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Old January 11, 2005, 07:29 PM   #51
XavierBreath
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Wow, I thought I was going to get flamed for stating I would practically cut the dog's head off!

I recall one dogfight, between a Golden Retriever and a mutt of like size. The Golden had the mutt's entire neck in it's mouth. We picked up both dog's back legs and pulled and pulled to no avail. We finally took them into the river nearby (we were on the bank) and held both dogs underwater. The Golden continued to hold on for about a minute and a half. He finally let go, and we separated the dogs.

A Golden Retriever is about the friendliest dog out there. This one, (mine) is a big love bucket, but the other dog urinated on my truck tire, and my Golden went bezerk. Since that day, I respect the jaws of any dog.
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Old January 12, 2005, 12:49 PM   #52
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A friend of my parents', years and years ago, was dog-sitting a chihuaua. This little dog was constantly badgering the friend's German Shepherd, Maggie. Being a very well-trained dog, she put up with it for quite a while.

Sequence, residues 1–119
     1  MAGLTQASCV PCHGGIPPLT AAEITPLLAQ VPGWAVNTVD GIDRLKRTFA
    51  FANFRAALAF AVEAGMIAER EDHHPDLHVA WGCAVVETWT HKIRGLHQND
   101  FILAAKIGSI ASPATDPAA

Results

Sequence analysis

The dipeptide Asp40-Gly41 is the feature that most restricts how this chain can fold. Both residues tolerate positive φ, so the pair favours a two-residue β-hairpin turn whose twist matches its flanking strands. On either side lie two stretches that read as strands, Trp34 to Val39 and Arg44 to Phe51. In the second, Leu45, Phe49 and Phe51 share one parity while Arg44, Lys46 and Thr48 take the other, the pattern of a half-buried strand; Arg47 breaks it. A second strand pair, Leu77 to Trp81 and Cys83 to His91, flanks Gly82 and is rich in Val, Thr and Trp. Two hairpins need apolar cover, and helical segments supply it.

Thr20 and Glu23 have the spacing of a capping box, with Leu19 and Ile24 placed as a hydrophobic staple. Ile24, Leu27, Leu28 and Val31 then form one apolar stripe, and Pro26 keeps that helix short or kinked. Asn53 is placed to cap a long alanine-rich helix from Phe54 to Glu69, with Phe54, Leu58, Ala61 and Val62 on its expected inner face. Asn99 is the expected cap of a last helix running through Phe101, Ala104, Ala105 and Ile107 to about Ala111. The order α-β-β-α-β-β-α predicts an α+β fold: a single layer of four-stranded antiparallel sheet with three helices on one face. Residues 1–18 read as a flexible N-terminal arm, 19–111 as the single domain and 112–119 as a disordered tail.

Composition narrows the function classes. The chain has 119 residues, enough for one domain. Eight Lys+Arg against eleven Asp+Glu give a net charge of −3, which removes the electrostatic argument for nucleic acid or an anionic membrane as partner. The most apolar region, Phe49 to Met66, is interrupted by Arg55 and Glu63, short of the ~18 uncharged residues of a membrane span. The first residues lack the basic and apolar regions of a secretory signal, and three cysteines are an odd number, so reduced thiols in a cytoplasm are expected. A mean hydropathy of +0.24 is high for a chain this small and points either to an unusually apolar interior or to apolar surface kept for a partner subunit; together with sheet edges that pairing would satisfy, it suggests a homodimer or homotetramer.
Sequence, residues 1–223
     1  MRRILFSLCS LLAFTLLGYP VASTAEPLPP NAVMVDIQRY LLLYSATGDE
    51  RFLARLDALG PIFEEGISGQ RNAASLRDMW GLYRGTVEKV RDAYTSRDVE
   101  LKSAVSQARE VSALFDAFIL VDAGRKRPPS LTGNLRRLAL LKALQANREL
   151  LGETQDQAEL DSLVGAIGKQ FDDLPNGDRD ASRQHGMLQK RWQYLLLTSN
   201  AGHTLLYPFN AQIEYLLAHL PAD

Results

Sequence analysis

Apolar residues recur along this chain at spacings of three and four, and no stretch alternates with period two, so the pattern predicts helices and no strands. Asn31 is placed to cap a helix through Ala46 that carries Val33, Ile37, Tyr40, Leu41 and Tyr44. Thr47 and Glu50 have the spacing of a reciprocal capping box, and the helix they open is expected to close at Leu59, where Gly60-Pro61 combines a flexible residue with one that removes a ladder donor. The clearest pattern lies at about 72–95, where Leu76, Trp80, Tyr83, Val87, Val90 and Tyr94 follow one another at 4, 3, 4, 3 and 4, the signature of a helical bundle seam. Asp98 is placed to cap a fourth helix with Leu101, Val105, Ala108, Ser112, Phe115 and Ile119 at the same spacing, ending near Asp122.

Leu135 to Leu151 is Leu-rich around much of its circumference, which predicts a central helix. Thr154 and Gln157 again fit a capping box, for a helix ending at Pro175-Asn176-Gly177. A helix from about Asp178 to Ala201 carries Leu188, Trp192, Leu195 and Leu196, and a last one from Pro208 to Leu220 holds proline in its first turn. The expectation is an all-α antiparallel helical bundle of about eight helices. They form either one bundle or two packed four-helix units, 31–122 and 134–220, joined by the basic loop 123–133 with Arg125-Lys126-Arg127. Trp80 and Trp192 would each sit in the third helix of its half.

Finally, there was one irritation too many, and she snatched the chihuahua's head in her mouth, and held it there for about 15 seconds, then let go.

That was the last of her problems from the little ankle-biter.
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Old January 13, 2005, 01:06 AM   #53
Doug242ti
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Quote:
um ... so what happens when the dog is a female?
offer it a box of chocalates?

Seems to work for me

(Great thread btw)
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Old January 13, 2005, 03:40 AM   #54
Dusty Miller
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YEARS ago whenst I was just a lad I worked as a meter reader for Sc. Ca. Ed. and had to spray a male doberman. I'd heard that they don't bark, just come up to you and start to work. Upon getting sprayed in the face, he stopped, spread his legs and peed on the ground. So, I'm a big believer in spray. I believe a bottle of ammonia will serve as well.
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Old January 13, 2005, 06:40 AM   #55
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Quote:
um ... so what happens when the dog is a female
Purple Nurples all around
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Old January 16, 2005, 11:20 AM   #56